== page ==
On June 2, a group from the Great Oaks Village group foster home visited Orlando Public Library for a tour of the building. They showed their excitement for programs like BizKids Club and the objectively cool Melrose Center. They also received welcome bags full of library swag, but most importantly, they went home with their group home card, a new type of library card created to help prevent kids in group foster homes from falling through gaps in library service.
Group homes provide a place of safety for kids and young adults when their family home cannot. Because the state acts as the legal guardian for residents of group homes, with staff rotating to serve as caretakers, there is no individual who can be designated for guardianship – a requirement for juvenile library cards. Until now, this has prevented Orange County kids living in group homes from accessing the many programs and services available at the library. With the implementation of the group home card, staff at Orange County Library System plan to change that.
The privileges associated with the group home card are not so different from an average library card. Group home card users may check out up to 40 items at once, with standard loan periods and renewal times. No overdue fines or fees are accrued, ensuring that kids living at Great Oaks Village will not encounter barriers to using the library. The card also provides access to public computers, databases and digital platforms as well as the ability to sign up for classes and events.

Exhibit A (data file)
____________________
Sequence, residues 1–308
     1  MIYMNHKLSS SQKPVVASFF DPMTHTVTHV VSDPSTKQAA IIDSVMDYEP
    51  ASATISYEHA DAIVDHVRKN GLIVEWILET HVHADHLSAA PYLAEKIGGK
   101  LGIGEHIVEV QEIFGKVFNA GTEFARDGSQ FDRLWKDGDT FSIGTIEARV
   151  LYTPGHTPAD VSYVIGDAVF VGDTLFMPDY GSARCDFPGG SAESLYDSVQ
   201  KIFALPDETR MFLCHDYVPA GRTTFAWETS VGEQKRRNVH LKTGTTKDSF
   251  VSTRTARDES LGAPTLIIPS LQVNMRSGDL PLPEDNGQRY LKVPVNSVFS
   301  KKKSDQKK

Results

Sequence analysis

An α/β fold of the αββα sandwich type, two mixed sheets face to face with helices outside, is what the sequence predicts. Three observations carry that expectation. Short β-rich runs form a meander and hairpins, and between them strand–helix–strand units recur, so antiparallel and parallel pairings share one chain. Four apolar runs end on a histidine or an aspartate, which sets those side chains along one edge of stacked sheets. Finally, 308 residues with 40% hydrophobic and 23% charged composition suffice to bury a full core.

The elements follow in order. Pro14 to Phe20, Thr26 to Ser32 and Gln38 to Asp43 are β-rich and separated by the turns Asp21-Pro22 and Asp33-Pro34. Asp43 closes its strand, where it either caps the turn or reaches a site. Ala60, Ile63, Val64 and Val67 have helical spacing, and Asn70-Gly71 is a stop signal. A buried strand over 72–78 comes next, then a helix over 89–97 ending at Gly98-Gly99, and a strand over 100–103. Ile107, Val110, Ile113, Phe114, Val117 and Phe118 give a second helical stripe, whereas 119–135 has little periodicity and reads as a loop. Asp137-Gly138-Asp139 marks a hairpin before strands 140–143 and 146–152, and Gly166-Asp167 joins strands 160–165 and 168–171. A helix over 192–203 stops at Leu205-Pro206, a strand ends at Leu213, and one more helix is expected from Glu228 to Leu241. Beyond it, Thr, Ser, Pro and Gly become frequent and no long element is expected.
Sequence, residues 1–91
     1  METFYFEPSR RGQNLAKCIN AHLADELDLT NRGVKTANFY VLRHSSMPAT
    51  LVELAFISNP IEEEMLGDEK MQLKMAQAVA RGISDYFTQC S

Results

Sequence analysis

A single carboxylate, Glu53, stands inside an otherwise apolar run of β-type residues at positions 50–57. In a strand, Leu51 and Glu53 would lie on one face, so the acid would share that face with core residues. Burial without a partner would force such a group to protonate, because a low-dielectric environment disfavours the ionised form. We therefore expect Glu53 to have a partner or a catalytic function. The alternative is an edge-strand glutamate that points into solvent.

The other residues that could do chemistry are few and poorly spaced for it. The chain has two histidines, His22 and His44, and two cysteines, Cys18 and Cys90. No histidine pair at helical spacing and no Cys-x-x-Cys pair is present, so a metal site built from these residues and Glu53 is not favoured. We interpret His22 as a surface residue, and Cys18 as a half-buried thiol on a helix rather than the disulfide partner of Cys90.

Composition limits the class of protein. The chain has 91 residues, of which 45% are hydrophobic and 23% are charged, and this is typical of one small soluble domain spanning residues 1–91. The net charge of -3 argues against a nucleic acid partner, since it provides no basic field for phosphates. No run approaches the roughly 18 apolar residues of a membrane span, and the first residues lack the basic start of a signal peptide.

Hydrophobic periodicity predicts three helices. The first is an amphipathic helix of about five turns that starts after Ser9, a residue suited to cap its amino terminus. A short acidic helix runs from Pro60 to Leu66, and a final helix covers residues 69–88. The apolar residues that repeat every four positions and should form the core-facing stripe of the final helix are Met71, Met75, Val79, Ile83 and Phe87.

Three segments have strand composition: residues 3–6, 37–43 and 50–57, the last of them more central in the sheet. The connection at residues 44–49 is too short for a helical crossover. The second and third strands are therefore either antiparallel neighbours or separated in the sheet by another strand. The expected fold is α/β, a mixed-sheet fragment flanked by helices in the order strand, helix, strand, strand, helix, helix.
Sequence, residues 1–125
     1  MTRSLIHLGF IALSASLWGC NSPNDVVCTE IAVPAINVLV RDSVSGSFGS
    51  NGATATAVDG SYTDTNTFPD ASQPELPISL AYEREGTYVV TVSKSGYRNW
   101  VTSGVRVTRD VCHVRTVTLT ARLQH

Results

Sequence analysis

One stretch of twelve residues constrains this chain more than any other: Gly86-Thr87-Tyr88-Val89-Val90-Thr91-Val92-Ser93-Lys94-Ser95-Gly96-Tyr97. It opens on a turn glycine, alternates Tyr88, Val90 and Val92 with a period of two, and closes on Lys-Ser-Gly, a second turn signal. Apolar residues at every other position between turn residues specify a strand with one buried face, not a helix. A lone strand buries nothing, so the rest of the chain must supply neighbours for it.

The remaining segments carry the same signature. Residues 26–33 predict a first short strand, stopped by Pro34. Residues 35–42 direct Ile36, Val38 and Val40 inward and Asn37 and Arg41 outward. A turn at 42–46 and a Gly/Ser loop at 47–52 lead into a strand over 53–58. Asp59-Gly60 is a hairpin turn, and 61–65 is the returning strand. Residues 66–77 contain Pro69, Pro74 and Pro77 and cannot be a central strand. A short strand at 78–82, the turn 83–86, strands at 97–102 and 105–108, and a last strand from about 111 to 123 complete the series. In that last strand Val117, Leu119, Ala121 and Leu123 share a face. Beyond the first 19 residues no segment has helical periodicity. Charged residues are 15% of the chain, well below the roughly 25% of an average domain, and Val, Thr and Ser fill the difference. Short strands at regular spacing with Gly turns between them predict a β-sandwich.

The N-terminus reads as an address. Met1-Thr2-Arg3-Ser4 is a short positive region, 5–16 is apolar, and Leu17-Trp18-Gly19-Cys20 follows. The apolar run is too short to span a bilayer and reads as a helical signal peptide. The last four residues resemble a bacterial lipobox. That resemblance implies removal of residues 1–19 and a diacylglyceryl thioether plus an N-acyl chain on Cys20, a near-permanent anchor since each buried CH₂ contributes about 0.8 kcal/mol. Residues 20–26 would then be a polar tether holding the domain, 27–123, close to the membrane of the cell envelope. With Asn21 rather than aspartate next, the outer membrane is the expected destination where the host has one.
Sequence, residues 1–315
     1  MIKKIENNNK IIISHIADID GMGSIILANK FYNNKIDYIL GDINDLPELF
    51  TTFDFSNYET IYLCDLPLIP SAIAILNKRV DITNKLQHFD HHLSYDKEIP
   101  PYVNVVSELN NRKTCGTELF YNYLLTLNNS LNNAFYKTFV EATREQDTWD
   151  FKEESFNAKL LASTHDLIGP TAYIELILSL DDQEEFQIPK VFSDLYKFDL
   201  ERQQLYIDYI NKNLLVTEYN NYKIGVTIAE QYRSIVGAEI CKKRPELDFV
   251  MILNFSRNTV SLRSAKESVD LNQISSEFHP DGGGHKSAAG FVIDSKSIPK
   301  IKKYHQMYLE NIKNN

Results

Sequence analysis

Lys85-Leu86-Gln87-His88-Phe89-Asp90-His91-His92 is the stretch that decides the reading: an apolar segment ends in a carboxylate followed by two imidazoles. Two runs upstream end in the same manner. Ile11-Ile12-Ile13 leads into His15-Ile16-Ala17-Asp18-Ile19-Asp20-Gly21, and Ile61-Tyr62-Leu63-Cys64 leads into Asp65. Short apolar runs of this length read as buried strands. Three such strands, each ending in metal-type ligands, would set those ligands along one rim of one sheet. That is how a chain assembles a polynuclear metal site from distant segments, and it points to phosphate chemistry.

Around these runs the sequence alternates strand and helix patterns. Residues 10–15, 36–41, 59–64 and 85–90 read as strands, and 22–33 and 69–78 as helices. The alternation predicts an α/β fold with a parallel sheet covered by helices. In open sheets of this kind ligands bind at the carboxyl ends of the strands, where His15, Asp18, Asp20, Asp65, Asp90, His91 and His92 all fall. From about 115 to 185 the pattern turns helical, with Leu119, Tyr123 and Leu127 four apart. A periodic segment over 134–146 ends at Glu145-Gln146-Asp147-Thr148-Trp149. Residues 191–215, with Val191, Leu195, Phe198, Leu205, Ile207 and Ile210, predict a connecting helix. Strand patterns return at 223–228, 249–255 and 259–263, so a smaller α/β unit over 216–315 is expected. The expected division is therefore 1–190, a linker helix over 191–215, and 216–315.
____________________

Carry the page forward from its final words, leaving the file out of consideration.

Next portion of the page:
Staff at OCLS and Great Oaks Village are hopeful that access to the library’s many services will help kids develop their research skills, providing them with “motivation to believe that they can succeed,” says Great Oaks Village Education Residential Services Supervisor Chasmin Hill. Chasmin also hopes that more frequent visits to the library will help get the kids “into the normalcy of this type of outing and experience, as if they were living at home.”
For OCLS staff, making the library part of someone’s routine is certainly also a goal. The group home card joins programs like Library Social Workers and The Right Service at the Right Time as resources for the community beyond the printed page. The work done to establish the group home card has paved the way to success not only for current and future residents of Great Oaks Village, but also for providing library services to community members who need it the most.
If you have questions about the new card type for group homes, email email@example.com.